When Kiersey Clemons was in third grade, she launched her acting career—as a flower in the school play. She was given no lines, but behind the scenes, she had a few sharp words for a fellow thespian. “When we got to school to put on our outfits for the play, some girl was wearing mine. She must have taken it, and I was like, ‘Oh, hell, no!’” Clemons recalled with a laugh at a cafe in Long Island City, Queens. “So I’ve been a drama queen from the beginning.”
Still, it wasn’t until Clemons, now 24, moved from Virginia to California at age 10 that she set her sights on a film career. Her mother had recently remarried, and her stepfather was in the Navy; as the family moved around, performing—whether a musical number for a talent show or a role in the school play—remained a relative constant. “I thought the whole state of California was Hollywood,” she told me. “I was like, ‘I’m going to meet frickin’ Will Smith on the street and he’s going to ask me to play his daughter in a movie.’”
This meet-cute may not have come to pass as she envisioned it, but after cutting her teeth on Disney Channel series like Shake It Up and Austin and Ally, her breakout moment did eventually arrive—with a starring role in 2015’s Dope, the hit Sundance indie whose cast also included A$AP Rocky and Zoë Kravitz. It was around the same time that she earned a recurring part in Transparent, and, “from there, all the dots started to connect,” she said. “I had this year of being able to play 18-year-olds acting like 18-year-olds.” She started focusing on independent films, appearing in Flatliners, The Only Living Boy in New York, and, this year, Hearts Beat Loud and Sweetheart. (There’s also the recently released L.A. Minute, which Clemons declined even to discuss by name—she instead encouraged me to sleuth her IMDb: “It was such an unhealthy environment,” she told me, adding later, “We’re not even going to bring light to it.”)
Dope also presented Clemons with her entry into the DC Comics universe. She won the role of Iris West—girlfriend of The Flash, the lightning-fast crime fighter played by Ezra Miller in Suicide Squad and Justice League—through director Rick Famuyiwa. (Famuyiwa was initially slated to direct the upcoming standalone The Flash film; Jonathan Goldstein and John Francis Daley stepped in after his departure, though the film has yet to enter production.) Clemons spent a few days on the London set of Zack Snyder’s Justice League, filming a scene that, though cut from the final release, offered her a glimpse of the scale of a superhero movie. “I was on this harness thing and Ezra was catching me mid-air, and it was all the ways that you kind of imagine filming a movie like that to be,” she described. “It was all very, like, ‘Whoa, I’m at a theme park.’”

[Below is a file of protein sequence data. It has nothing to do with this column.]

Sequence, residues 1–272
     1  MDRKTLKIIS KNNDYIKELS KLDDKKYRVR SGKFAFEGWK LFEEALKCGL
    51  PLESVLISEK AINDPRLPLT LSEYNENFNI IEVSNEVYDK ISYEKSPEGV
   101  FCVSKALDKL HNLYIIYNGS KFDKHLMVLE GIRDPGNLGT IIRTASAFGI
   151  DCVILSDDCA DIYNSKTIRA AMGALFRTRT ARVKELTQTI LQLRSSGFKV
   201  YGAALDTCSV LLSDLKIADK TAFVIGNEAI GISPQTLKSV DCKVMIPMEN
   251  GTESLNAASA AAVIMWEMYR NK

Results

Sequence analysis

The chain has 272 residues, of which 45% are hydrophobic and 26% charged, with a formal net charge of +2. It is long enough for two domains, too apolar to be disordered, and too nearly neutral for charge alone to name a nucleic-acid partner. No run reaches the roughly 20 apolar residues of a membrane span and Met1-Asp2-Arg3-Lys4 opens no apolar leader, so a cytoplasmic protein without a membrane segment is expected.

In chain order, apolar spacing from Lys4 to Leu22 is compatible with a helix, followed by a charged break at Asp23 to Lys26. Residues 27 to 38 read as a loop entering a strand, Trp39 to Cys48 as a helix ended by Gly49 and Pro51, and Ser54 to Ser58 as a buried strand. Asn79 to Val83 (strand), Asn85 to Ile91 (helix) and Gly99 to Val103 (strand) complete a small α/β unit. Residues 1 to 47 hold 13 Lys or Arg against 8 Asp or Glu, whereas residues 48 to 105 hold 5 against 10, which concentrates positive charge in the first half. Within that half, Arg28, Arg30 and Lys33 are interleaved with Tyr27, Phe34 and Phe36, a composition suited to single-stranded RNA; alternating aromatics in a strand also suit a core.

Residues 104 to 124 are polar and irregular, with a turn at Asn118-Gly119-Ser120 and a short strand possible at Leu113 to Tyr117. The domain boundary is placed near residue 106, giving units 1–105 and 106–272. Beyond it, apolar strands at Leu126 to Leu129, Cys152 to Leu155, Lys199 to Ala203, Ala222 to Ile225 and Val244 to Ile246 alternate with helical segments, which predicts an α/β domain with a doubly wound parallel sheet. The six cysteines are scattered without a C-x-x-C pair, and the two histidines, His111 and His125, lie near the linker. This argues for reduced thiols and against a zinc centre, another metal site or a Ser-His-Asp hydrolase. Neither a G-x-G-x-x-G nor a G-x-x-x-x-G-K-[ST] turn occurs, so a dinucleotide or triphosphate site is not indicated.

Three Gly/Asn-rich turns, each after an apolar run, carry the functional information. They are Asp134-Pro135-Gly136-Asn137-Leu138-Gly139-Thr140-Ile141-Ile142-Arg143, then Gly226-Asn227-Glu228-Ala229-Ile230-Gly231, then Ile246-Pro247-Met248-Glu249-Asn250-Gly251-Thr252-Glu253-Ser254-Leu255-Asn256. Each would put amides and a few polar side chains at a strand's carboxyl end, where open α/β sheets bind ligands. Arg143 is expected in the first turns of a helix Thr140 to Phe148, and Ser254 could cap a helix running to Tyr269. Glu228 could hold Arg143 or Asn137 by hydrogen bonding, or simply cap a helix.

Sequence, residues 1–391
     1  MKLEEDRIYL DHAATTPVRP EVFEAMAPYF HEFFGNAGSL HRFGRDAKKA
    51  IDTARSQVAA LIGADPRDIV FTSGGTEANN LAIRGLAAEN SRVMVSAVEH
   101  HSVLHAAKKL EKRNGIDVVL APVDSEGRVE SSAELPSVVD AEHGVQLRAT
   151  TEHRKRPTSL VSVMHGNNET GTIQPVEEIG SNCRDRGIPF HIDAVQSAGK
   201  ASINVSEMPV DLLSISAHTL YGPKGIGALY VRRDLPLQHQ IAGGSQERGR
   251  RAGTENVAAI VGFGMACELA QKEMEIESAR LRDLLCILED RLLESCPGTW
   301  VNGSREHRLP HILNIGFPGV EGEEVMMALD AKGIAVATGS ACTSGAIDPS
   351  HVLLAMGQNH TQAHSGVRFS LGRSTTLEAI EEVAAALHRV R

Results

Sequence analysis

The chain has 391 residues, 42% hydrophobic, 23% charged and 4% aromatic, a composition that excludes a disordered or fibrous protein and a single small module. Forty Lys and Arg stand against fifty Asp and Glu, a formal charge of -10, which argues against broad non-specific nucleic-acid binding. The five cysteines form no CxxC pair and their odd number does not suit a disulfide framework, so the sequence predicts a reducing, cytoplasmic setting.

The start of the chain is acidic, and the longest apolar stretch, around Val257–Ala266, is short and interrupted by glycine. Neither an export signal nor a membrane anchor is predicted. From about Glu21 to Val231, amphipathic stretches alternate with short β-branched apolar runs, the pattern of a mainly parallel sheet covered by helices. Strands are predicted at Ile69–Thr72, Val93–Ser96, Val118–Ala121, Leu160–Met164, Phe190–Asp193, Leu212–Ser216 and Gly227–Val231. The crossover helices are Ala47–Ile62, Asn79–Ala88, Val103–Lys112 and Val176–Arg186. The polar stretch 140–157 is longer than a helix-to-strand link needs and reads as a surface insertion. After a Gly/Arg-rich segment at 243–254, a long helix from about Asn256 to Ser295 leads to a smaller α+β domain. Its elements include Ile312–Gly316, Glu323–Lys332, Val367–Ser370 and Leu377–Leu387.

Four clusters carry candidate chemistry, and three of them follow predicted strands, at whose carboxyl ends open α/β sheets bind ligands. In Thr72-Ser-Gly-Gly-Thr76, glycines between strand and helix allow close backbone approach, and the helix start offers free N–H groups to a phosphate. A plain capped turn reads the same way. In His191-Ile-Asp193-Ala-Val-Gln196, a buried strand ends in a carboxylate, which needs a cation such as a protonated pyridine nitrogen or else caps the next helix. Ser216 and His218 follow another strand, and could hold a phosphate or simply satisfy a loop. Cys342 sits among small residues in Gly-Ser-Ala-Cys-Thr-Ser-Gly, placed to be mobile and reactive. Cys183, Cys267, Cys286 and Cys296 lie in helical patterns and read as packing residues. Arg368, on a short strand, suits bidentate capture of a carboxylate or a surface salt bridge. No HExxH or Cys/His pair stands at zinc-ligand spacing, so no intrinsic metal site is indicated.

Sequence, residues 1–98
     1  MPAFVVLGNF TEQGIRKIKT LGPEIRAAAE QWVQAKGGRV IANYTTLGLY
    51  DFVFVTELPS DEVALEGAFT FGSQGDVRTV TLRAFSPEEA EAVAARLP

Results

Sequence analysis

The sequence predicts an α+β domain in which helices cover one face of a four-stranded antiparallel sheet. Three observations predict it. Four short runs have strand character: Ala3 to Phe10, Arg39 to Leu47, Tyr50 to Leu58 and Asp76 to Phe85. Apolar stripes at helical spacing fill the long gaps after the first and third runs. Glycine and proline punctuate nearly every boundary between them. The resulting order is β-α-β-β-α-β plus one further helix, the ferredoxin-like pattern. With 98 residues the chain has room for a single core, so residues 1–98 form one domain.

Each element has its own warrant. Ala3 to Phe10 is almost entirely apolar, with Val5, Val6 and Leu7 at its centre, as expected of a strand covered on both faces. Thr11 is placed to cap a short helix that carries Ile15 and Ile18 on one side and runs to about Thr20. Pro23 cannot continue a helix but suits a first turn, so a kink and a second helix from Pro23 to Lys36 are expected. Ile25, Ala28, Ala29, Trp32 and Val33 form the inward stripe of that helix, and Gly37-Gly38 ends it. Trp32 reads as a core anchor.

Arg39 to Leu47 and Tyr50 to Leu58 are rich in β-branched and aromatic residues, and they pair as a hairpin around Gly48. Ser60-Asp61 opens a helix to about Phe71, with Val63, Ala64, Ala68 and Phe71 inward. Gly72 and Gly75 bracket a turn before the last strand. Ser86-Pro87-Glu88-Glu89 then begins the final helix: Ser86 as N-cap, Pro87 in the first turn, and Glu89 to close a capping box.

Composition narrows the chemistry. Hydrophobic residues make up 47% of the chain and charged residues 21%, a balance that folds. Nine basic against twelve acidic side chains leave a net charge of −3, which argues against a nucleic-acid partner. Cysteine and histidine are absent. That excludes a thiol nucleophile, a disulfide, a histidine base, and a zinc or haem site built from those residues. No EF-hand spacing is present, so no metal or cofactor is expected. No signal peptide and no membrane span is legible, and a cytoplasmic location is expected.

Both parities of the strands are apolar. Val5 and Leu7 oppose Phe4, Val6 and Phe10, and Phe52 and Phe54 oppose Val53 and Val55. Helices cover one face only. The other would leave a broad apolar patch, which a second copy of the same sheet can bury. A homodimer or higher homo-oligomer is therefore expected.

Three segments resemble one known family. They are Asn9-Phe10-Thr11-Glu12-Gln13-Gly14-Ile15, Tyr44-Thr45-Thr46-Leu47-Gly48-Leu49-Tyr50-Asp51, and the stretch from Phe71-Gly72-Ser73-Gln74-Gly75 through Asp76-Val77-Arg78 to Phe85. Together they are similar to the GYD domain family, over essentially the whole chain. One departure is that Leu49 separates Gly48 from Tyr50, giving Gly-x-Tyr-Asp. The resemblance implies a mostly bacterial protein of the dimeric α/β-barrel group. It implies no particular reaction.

A few months before we spoke, Clemons returned to Sundance for the first time since Dope to premiere Hearts Beat Loud, the musical dramedy in which she plays a college-bound young woman named Sam whose father, a record store owner and former musician played by Nick Offerman, tries to convince her to start a band. (In real life, Clemons also occasionally plays with her girlfriend. “We know, like, five songs,” Clemons said. One of those songs is “Don’t Know Why.”) Meanwhile, Sam embarks on a relationship with Rose (Sasha Lane as her college departure looms closer.
Looking at her resume, it might appear that there’s a strategy to her choice to frequently play queer women, whether Diggy in Dope, Chase in the Joe Swanberg-directed anthology series Easy, or Sam in Hearts Beat Loud. “I wish I could say that it was a choice that I made,” Clemons told me. “It just happened to play out like that, and I think it just has to do with my age and the time that we’re in.” She considered it for a moment. “I think it’s also a typecast thing,” she added. “I hope I can continue to do that, but I hope we can have an array of actresses that are able to be out and do that as well. Everyone deserves those opportunities.”
Still, she has sought out roles with social consciousness, however subtle—roles that, as she put it, lend her the sense of having “done something.” (Beyond film, she’s also waded into social justice, helping lobby for the courts to reexamine evidence in the case of Marcellus Williams, a death-row inmate who has been incarcerated for nearly two decades despite new evidence that could exonerate him. “I will involve myself in things where I can and where I’m necessary,” she told me.) Take, for example, Dillard’s Sweetheart, which she shot in Fiji. “To have me, little brown girl, and J.D., a black man, making this movie—and it’s kind of a standalone movie, it’s mostly me—it feels monumental,” she says. “You see those movies a lot, and it’s always a James Franco, it’s always a white man, or Blake Lively lookin’ hot on an island.”